Bitch Media seeks to be a fresh, revitalizing voice in contemporary feminism, one that welcomes complex, intersectional arguments and refuses to ignore the contradictory and often uncomfortable realities of life in an unequivocally gendered world. We are independent, we are feminist. We believe in pop culture as a valuable, dynamic site and we do not shy away from the rich and productive tensions that arise when analyzing and critiquing it through a feminist lens.
(1) We create and curate original, responsive, interrogative, and engaging content that prioritizes the complex and shifting understandings of feminisms as a personal tool and social movement for liberation, justice, identity, and growth.
(2) We celebrate content that best challenges, reflects, equips, and empowers diverse feminist communities who are in robust conversation with mainstream media and pop culture.
(3) We choose and shape editorial content to deliver boldness characterized by originality, depth of insight, savvy, wit, and the practice of claiming an elusive truth that is either avoided by or escapes mainstream media outlets.
CALL FOR SUBMISSIONS
Open: March 25, 2020 to August 24, 2020
Power is a concept most of us engage with constantly, though it isn’t always obvious—even to ourselves. Work environments are sites of power dynamics, for instance, between ourselves, our bosses, and our coworkers: Perhaps we ponder power as we attempt to negotiate promotions and raises (who has the leverage?); perhaps it features in weighing the risk of interoffice romances (who has the most to lose if the relationship leaks into workspace consciousness?); perhaps it impacts our ability to do our jobs remotely (who benefits most—and least—from establishing telework policies?). Some of us deal with the concept of power as it relates to feminism, oppression, and the matrix of domination, while even more of us must consider power within our interpersonal relationships (between partners, parents and children, and even children and teachers). How do our relationships impact our earning power, our mental health, and our physical safety?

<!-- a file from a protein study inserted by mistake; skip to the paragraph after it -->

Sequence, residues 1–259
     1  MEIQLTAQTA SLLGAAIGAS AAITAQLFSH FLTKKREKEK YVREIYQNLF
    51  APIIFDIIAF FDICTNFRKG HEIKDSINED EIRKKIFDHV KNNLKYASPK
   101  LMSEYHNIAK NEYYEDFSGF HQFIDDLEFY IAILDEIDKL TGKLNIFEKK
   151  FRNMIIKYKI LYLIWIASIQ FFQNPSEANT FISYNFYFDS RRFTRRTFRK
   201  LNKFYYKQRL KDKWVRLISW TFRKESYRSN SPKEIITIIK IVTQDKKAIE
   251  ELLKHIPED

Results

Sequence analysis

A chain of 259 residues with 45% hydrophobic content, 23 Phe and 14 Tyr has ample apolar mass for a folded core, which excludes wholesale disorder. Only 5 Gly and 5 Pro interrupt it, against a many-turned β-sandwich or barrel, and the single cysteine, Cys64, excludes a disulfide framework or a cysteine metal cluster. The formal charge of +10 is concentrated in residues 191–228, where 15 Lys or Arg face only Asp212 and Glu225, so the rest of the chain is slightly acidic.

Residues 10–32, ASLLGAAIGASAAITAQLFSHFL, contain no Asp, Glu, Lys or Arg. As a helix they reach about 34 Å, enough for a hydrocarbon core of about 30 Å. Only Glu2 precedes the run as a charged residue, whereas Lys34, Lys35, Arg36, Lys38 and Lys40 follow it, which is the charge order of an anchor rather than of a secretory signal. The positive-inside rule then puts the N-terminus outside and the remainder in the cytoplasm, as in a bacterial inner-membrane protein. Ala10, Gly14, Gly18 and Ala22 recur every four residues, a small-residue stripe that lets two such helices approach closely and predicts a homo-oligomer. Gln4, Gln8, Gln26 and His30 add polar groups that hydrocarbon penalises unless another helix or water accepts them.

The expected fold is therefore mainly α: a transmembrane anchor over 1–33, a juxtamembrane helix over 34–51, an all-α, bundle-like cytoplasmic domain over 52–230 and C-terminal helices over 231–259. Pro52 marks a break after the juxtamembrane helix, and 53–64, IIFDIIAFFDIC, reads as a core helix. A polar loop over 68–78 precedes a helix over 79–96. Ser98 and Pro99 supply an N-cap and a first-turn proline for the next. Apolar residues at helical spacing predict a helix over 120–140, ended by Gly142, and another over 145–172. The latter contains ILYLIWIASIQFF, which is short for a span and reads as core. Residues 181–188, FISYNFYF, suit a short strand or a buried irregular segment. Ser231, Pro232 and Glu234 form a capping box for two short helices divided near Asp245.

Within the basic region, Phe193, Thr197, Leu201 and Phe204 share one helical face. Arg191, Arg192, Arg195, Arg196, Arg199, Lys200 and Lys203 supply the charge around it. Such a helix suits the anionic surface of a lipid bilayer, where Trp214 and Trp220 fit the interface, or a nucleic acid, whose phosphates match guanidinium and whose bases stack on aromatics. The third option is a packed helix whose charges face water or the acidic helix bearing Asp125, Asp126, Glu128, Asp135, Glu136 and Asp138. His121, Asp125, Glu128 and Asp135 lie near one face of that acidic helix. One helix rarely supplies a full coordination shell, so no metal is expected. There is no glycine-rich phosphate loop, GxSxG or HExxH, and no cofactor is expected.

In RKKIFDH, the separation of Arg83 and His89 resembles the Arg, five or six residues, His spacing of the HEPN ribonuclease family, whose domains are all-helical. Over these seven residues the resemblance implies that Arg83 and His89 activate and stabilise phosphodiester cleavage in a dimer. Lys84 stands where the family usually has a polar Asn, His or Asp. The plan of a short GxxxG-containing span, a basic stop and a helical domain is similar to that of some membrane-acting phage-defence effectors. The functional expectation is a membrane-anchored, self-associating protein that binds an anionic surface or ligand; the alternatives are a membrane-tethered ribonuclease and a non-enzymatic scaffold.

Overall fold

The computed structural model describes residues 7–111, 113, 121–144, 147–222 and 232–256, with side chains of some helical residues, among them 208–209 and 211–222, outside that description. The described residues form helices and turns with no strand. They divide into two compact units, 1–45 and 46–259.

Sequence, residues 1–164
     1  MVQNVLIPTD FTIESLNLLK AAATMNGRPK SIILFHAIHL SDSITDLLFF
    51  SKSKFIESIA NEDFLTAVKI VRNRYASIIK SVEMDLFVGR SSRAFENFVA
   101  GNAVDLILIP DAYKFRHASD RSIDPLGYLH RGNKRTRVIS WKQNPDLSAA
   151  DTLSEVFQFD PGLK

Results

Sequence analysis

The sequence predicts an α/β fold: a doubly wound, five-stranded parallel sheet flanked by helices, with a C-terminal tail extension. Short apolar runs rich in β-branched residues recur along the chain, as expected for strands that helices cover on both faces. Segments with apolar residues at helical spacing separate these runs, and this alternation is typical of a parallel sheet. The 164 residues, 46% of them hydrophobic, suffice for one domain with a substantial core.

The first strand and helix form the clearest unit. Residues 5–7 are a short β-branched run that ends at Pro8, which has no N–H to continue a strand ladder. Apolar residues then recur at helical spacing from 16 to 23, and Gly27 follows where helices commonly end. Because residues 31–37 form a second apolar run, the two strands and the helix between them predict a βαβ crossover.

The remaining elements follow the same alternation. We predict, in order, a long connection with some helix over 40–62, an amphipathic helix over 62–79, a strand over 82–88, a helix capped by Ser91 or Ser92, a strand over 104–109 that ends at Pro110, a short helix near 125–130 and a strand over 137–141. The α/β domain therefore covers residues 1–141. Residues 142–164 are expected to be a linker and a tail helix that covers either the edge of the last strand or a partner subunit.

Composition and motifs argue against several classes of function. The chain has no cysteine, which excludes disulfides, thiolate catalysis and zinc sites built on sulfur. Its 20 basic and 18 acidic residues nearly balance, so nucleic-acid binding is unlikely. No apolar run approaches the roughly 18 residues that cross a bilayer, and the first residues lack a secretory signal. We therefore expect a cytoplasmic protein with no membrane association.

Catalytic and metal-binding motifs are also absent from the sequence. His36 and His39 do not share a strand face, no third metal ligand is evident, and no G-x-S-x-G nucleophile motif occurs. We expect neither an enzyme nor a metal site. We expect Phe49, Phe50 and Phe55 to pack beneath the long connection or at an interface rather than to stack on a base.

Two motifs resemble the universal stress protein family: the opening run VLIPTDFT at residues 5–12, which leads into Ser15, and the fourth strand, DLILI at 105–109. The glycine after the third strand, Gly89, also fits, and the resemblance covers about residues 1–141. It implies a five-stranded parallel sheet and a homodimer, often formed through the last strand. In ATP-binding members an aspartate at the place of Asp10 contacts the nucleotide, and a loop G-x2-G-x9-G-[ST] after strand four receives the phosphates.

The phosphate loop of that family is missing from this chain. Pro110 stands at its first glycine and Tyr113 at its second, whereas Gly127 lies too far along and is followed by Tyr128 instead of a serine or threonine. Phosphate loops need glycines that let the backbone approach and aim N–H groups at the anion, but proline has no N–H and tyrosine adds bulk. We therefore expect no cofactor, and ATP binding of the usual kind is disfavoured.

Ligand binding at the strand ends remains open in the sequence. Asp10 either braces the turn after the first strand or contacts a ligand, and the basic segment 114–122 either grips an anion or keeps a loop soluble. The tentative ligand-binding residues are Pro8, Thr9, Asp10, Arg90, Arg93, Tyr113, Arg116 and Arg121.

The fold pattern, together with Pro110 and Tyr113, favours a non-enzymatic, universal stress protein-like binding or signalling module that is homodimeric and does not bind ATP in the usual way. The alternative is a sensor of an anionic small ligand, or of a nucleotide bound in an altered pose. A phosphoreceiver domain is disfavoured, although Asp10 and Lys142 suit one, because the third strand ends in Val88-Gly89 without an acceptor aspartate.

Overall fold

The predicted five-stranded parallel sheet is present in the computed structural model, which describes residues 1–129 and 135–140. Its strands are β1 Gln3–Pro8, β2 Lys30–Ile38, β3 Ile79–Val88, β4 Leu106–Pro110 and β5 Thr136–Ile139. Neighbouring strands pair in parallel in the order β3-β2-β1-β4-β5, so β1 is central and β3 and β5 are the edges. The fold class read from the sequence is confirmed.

These conversations and negotiations are inescapable, but engaging with them, rather than hiding from them, helps us orient ourselves in an ever changing world. Who is expected to take power, and who is expected to wait until it is given to them? What does it mean to be empowered and how can we account for power imbalances, even among the famous and wealthy? What does it look like to challenge power in a time when most of it is concentrated in an increasingly small number of people and institutions? How can we challenge power as news cycles become shorter, pandemics can change the very routines of our daily lives, and the world always seems much less sure than it did even yesterday?
We want to bring those conversations—about power itself, what it demands of us and from us, and how we hold it accountable—to the pages of this issue. So send us criticism, reporting, and analysis that goes beyond literal power struggles, frustrations with Trump’s daily shenanigans, and individual upsets about Congressional leaders. What would it take to live in a world where economic parity is a given? How does pop culture codify power, particularly through representation? What can questioning the portrayal of relationships as heterosexual, monogamous structures teach us about the importance of abolishing hierarchy? What would it be like to live in a world that centers the needs of trans and nonbinary people rather than relegating them to the backseat?